As an educator, Vespucci taught young men from the best families in Florence and foreigners drawn to the city by the lure of humanism, including Greek and Byzantine exiles. Among those to whom he imparted his knowledge was his nephew Amerigo, who was intended for a commercial career which eventually led him to join between two and four voyages of exploration to the Americas in the service of Spain and Portugal around 1500. The exact number is disputed, as is Vespucci’s authorship of letters describing the voyages, which may be fabrications by others based in part on genuine letters. However, the publication and widespread circulation of the letters under a Latinised form of his name, Americus Vespucius, is thought to have inspired the cartographer Martin Waldeseemüller to coin the name ‘America’ in his 1507 world map, the Universalis Cosmographia, the first to show the Americas as a separate continent from Asia.


Domenico Ghirlandaio, ‘Madonna della Misericordia and Deposition’, fresco in the Vespucci Chapel, church of Ognissanti, Florence, 1473-1476. The twelve kneeling figures under the Virgin’s robe are members of the Vespucci family; however, scholars are not in agreement in the possible identifications of the individuals. Image from the Web Gallery of Art via WikiCommons

A composition book from Amerigo’s time at his uncle’s school survives in the Biblioteca Riccardiana in Florence. In it, he set down ideas and discussions on a variety of subjects and translated them into Latin. They travelled together to Rome, and Giorgio Antonio seems to have inspired his nephew with a love of travel and belief in its benefits. One passage reads: ‘Going back and forth to many distant lands, where by talking and trading one can learn many things, not a few merchants have become wise and learned … Moving about and making enquiries concerning the world, whose limits we have not yet completely ascertained, they can furnish valuable advice …’. It is tempting to believe that perhaps Amerigo Vespucci pored over his uncle’s manuscript of the Odyssey, or at least listened to tales from the poem.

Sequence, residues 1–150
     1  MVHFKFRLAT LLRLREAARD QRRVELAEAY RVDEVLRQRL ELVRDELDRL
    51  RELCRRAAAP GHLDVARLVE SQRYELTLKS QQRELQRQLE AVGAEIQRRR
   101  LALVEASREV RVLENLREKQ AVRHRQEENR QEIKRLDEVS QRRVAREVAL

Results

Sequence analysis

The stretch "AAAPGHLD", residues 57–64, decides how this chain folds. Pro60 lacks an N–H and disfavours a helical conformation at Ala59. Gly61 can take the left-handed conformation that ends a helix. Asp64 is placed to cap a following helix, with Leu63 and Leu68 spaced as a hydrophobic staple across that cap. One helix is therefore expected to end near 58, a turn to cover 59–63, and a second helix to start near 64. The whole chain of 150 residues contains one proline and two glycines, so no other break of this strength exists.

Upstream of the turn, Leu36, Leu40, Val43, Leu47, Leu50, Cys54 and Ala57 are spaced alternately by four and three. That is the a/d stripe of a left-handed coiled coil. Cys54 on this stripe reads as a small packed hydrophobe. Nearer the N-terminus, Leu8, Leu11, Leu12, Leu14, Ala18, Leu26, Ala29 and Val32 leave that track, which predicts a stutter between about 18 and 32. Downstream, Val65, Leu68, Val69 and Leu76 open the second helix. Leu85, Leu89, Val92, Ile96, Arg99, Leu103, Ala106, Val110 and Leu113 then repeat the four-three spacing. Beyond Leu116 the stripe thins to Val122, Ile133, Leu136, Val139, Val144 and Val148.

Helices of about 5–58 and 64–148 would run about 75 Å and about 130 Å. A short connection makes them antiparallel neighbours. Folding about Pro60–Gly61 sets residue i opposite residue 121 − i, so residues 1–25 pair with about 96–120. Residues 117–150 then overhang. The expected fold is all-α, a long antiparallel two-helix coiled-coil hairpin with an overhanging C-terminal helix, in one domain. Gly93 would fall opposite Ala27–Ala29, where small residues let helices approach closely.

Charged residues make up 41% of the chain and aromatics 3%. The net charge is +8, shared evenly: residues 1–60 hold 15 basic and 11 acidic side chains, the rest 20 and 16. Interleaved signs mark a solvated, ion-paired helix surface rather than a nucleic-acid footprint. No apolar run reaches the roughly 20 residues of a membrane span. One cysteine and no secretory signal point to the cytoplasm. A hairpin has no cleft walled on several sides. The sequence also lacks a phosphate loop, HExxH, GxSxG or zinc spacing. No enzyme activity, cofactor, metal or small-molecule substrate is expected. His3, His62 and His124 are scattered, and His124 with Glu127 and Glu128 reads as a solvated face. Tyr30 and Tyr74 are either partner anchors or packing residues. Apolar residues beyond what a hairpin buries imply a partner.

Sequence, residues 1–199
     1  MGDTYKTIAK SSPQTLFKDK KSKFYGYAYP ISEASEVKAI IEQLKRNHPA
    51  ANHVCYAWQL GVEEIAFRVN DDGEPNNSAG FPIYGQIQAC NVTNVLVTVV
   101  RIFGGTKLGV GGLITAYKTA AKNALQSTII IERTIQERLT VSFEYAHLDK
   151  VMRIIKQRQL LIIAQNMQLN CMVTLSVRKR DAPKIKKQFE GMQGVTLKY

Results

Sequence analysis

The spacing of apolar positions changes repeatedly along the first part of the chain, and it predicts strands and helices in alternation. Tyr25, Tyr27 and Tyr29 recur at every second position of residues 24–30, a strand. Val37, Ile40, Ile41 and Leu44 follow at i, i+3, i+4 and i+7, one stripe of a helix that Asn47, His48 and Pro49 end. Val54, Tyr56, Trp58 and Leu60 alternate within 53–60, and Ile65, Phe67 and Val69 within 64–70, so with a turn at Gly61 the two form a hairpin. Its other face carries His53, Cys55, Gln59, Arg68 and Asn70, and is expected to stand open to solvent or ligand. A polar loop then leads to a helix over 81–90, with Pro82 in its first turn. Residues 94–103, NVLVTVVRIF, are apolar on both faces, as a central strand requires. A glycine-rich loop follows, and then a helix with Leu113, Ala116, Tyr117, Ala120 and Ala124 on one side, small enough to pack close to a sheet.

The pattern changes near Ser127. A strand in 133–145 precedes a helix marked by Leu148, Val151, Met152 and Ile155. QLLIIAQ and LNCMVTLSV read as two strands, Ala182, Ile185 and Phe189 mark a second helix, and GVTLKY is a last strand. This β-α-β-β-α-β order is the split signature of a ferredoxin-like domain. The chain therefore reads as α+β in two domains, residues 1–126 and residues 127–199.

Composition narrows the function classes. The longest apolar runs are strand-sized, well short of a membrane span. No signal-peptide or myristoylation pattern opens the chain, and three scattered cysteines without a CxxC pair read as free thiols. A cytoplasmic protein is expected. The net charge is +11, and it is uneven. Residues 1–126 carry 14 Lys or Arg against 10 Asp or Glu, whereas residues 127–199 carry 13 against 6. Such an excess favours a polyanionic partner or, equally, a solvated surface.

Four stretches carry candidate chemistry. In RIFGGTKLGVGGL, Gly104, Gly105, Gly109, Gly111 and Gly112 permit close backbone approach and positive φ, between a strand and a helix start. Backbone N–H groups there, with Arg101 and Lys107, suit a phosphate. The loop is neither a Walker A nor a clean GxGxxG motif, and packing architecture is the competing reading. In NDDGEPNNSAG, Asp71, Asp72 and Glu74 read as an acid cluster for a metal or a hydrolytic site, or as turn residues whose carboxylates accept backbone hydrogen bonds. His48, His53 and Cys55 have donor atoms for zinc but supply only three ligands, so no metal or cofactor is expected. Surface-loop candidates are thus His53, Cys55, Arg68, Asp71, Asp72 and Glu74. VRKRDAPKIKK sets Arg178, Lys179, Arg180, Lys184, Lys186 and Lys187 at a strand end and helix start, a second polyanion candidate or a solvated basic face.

By Stephie Coane, Deputy Curator of Modern Collections

Giorgio Antonio Vespucci’s copy of the Odyssey is on display in the current exhibition in College Library’s Tower Gallery, ‘VOYAGES: a journey in books’. The exhibition is open 24 November 2017 – 30 April 2018, Monday to Friday, 9.30-1 and 2-5 by appointment. To book, please contact us at or 01753 370590.

From the garden to the place of skulls: illustrations of the Easter story in a Book of Hours

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Some of the finest art of the Northern Renaissance can be found hidden in books – painted into Books of Hours. The Book of Hours was a popular form of prayer book, based on the hours of the monastic services (Prime, Terce, Nones, Lauds, etc.), but Books of Hours were usually made for an individual lay patron, and sometimes richly decorated.  The images below are taken from a Book of Hours written and painted in the Netherlands at the end of the 15th century, which includes a Passion story composed of verses taken from all four Gospels.  The use of contemporary clothing and architecture, and the trompe l’oeil effect of the borders where each flower is painted as if sitting on the surface of the page, were intended to soften the boundaries between reader and the page, and between the worshipper and the scenes of Christ’s suffering.  Late medieval piety emphasised personal identification with Christ’s life, and meditation on his sacrifice.  The flowers in the borders relate to the main images: the red rose symbolises Christ’s Passion, periwinkle, forget-me-not and pansy are associated with remembrance and meditation, and the daisy with St Mary.

By Lucy Gwynn, Deputy Librarian